JS: I think originality is great. I think some movies are great as franchises. You know, I don’t remember saying that there will never be a sequel for the movie but I think that if the story were to continue, it’d make sense to do so on television. I just think that the nature of the characters and what I would want to do next—like, I would never want to make this movie again. You know what I’m saying? If I were to continue this story, I’d want to continue it in a slightly different fashion. You know, one of the frustrating things about this movie for me was having to stop and sort of, you know, having to limit the amount of stories and ideas and points of views that I wanted to put forth in the project because we had to focus and, you know, if I had more than a couple of hours—if I had thirteen hours of a series to really tell these stories, then for me, that would just be fantastic and I wouldn’t feel like I was repeating myself. I’d feel like I was just sort of continuing the story. I think originality is important, you know, because everyone’s point of view is so different and so unique and I think that if we’re sort of busy telling other people’s stories or telling them in a way that other people tell them, that doesn’t feel unique. That doesn’t feel genuine. That doesn’t create the kind of movies that make me feel some kind of way. That doesn’t create the kind of stories that sort of make me see the human condition through somebody else’s eyes.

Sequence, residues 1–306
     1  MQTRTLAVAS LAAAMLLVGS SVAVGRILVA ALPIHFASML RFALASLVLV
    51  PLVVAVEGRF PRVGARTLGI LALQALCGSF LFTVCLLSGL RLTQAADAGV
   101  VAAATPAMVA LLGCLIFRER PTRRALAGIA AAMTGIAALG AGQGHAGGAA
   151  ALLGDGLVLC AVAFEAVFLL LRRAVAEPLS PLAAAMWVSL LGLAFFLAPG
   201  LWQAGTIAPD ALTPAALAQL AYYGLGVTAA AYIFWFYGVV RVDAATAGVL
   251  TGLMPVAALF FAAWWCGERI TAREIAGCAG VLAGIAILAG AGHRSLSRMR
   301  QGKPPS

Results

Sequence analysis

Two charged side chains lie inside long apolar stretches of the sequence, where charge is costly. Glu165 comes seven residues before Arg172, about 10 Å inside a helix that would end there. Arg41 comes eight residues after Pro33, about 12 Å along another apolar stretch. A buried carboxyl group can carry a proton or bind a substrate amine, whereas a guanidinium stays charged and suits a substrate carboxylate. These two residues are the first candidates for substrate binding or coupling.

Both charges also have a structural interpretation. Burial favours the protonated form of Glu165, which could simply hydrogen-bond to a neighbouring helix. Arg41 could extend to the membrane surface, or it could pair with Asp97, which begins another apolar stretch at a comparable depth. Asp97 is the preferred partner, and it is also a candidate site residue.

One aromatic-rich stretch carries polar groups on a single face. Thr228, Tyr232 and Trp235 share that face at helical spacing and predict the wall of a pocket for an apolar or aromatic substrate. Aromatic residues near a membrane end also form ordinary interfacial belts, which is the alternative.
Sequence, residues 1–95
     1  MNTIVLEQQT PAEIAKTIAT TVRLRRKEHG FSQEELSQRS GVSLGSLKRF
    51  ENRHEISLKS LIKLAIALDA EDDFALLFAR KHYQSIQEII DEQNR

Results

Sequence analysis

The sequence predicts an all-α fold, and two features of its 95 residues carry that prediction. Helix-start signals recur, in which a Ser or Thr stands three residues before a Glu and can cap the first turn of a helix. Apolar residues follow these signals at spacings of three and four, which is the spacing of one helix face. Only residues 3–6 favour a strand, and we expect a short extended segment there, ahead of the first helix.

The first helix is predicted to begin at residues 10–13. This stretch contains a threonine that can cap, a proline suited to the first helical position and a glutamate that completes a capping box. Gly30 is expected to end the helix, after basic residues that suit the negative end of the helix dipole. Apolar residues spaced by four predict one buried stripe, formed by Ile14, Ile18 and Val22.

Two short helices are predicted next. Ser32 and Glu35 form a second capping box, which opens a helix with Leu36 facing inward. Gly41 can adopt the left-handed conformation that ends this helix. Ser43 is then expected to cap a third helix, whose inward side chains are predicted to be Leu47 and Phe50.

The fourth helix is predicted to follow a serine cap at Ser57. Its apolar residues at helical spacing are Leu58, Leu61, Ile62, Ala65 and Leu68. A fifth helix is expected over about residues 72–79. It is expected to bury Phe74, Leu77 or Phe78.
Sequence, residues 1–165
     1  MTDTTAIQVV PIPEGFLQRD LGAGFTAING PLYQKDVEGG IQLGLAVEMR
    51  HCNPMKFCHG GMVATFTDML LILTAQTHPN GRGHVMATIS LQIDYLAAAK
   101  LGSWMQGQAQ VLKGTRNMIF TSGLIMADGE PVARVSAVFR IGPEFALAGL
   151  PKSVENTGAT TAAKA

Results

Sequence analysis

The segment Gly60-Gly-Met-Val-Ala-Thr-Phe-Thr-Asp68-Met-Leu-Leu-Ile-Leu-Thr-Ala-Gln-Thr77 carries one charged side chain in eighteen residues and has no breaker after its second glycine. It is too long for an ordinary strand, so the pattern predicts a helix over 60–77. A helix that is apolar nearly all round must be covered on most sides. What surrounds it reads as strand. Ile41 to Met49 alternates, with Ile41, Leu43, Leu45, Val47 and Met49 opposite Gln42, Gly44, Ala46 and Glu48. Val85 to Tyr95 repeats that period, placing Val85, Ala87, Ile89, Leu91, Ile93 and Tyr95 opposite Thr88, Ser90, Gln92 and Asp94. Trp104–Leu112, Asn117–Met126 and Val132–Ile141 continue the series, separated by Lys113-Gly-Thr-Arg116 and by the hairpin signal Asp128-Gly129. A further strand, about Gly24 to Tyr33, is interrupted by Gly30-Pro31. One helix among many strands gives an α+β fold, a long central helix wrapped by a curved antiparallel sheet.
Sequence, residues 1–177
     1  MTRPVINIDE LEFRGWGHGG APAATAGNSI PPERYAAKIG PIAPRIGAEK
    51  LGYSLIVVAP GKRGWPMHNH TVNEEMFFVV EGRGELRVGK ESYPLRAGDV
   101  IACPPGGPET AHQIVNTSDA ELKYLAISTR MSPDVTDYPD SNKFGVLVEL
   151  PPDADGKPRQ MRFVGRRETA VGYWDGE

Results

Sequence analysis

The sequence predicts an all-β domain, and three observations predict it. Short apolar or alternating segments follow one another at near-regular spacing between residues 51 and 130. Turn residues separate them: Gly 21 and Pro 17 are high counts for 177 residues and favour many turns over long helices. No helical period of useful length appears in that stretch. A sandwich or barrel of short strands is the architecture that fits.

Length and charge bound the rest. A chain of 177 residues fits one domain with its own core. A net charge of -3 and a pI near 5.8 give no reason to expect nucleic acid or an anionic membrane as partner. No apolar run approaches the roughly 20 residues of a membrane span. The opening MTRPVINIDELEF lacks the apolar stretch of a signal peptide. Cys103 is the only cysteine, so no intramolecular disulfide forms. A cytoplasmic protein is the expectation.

The ViP: Mmm. Yeah.
JS: You know? The most powerful films and television shows for me are the ones that from very unique places because they show me the world in a different way. And that’s what to me is so exciting about storytelling and so exciting about the stories and the movies and the television shows that I watch. And that I hope to create.
The ViP: Nice. Okay, so, about the sequel—it wasn’t a direct quote, I think it was a Vulture article that said it very matter-of-factly, so I wasn’t sure if that was something you said, but that makes sense.
JS: Well, I don’t think that there should be a ‘Dear Black People’ and a ‘Dear Straight People.’ I don’t think we should do that. (laughs) But I would love to keep telling the story. I think there’s more characters and there’s a lot more with the current four characters that I think would be really great to get into.